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January 2000 Issue
by Chris Schaefer
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So, you want to make the perfect cappuccino do you?

It was a gift. At first, you really wanted it.

You thought, as many others have before you, that since you enjoy cappuccino and latte' at the local coffee house you would be able to easily recreate those same drinks at home. But for some odd, crazy reason you have not yet been able to. Why?

After all, how hard can it be?

And now, the espresso machine which you had longed for, which you coveted, sits collecting dust in a lower cabinet somewhere in the kitchen. My hope is that by reading this article you will find it an easy chore and, yes, perhaps even enjoy attempting and succeeding at making espresso and espresso-based beverages.

First, let's look at your equipment. In September and October of 1998, I wrote equipment reviews for popular home coffee grinders and espresso/cappuccino machines. And you, my faithful audience, have appreciated them. What kind of person would I be if I did not follow up those well-received articles with a small, basic primer instructing you of necessary techniques to achieve quality home coffee drinks?

You will first need to identify what type of home espresso machine you are using. If it is something that you unscrew the top off and add water to, then it is a steam driven machine. Don't worry, there is hope for you yet! If, instead, your machine is not steam driven then it is a pump driven machine. And, you can skip this next section.

Steam-driven Espresso Machines

In all of our cases, most important is both the freshness of the coffee and the coarseness of its grind. For the purposes of this article, I will need to assume that you are quality conscious and are using the freshest possible coffee -- preferably home roasted -- available to you. For your steam driven espresso machine, I would suggest that you grind your beans finer than that of what you would for drip coffee. But not too fine like flour. Your machine builds pressure internally; if the coffee grounds are ground too finely, they resist the flow of water.

Additionally important when using a steam driven espresso machine is keeping in mind that the brew water is very hot and can potentially scorch the coffee grounds. You can try this for yourself, but please heed my warning that the espresso coffee you are making varies in taste as it brews. I would suggest to you then that you try only capturing the first half of the coffee to use for consumption and capturing the last half, or the coffee that gurgles and spits from the machine, and dispose of this. It will taste burnt, bitter, and harsh.

It is important that you have good tasting coffee. 9 out of 10 times, if you have bad tasting coffee, you'll have bad tasting cappuccino. Milk can only do so much to cover up tastes. Little steam-driven machines can, with some practice, do a fairly good job at steaming and frothing milk. You need to have some knowledge up front and the right tools at your disposal. Use the items on this checklist:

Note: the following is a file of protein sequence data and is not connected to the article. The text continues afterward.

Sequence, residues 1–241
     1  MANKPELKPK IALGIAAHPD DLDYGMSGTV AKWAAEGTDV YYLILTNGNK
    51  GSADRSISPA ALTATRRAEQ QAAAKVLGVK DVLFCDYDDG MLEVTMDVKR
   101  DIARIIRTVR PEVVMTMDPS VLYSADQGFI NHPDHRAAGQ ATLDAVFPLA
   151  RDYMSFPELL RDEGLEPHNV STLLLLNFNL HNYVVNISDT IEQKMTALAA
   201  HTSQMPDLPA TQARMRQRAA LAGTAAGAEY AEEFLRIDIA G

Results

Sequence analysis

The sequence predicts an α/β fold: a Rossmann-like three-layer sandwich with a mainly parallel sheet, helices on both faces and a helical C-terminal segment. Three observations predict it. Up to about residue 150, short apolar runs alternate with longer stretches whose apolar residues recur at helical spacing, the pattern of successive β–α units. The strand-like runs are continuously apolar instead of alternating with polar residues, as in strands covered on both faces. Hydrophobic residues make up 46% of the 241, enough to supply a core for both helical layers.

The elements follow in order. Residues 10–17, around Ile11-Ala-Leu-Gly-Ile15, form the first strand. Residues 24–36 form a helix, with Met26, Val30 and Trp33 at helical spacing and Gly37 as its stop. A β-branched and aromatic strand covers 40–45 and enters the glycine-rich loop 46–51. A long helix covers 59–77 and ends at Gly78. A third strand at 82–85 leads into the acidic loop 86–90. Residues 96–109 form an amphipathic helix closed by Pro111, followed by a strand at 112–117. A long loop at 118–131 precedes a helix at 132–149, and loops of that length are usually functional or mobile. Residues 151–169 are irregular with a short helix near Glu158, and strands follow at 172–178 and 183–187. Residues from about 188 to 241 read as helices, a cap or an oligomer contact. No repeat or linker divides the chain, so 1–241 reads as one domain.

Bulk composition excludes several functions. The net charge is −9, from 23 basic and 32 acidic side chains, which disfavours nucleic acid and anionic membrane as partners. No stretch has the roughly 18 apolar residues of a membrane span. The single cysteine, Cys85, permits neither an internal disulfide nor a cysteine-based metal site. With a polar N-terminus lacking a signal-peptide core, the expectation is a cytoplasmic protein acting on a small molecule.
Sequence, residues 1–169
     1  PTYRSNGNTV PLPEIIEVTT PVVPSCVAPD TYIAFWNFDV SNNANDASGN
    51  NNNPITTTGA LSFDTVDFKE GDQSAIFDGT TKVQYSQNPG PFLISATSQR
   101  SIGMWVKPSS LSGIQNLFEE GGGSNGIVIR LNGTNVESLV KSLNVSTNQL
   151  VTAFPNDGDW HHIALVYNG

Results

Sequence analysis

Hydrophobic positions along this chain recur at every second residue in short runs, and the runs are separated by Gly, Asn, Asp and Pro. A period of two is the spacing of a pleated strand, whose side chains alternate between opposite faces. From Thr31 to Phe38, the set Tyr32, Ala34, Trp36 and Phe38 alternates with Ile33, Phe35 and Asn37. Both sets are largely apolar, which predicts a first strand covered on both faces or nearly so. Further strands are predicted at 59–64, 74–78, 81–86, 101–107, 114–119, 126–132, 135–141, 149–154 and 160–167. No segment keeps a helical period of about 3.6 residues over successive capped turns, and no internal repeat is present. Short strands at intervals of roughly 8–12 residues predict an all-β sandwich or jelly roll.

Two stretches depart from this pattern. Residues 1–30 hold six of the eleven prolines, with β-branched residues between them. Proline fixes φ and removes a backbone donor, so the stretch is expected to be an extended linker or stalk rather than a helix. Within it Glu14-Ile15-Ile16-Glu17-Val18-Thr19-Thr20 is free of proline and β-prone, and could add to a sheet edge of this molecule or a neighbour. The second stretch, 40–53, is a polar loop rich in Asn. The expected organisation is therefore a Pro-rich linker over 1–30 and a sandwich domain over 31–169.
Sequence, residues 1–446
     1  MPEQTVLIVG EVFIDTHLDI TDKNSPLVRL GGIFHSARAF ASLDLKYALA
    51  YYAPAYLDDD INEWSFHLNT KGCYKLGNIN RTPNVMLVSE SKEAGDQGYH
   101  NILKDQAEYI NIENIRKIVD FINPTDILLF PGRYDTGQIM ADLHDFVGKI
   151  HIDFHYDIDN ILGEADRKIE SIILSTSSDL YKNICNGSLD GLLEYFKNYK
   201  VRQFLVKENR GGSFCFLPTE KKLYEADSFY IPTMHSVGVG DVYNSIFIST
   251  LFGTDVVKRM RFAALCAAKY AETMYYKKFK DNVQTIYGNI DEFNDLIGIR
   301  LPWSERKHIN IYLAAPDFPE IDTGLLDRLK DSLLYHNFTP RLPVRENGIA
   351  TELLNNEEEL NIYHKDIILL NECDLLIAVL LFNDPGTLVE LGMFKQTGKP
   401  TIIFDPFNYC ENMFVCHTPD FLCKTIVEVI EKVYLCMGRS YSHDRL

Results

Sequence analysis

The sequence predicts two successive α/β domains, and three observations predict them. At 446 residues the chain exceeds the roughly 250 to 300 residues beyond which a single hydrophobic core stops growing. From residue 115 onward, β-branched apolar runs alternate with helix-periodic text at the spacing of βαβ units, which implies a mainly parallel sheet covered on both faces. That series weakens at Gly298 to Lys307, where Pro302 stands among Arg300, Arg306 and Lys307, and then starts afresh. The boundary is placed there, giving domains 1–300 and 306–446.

1. Fresh, COLD milk. Use what you like but keep in mind that the more milkfat, the less the milk will support itself and the sooner it will breakdown.
  2. An easy to use, stainless steel milk frothing pitcher. Readily available form housewares stores and on-line (try http://www.espresso.com). Buy a size that suits you but don't go too large or you'll find it difficult to maneuver.
  3. A clean frothing wand.

To prepare your cappuccino, follow these instructions:

  • Begin by preparing your espresso coffee. When the coffee jut covers the bottom of the carafe or cups, place an empty mug under the wand and open the valve or activate the steam per the manufacturer's instructions.

  • Wait a moment to allow a build-up of water to blow through the wand and turn into steam. Then quickly place the tip of the wand to just under the milk's surface (obviously after you put the milk in the pitcher). You'll notice that in the area nearest to the wand's tip, a small vacuum is being pulled. Keep that steady.

  • As the pitcher becomes warm to the touch on its underside, quickly bury the wand to the near-bottom. Cut the steam off when the pitcher becomes hot -- but not so hot that you burn yourself -- on its underside. You may notice that the steamed milk has a delicately sweet aroma to it; if it smells burnt or scalded, you will want to dispose of it.

  • As the steam dies off, remove the pitcher and allow for the coffee to continue to fill the cups. If you remove the pitcher too quickly, excess steam will splatter the hot milk and foam.

  • Capture about 3 fluid ounces of the coffee. Dispose of the remainder.
And finally, some last tips you will want to keep in mind.

Turn off your machine when the coffee is finished. Take that time to wipe down the wand with a clean, wet rag or sponge. WAIT 10 minutes or so until the machine has cooled itself before attempting to unscrew its cap and the coffee basket (portafiltro).

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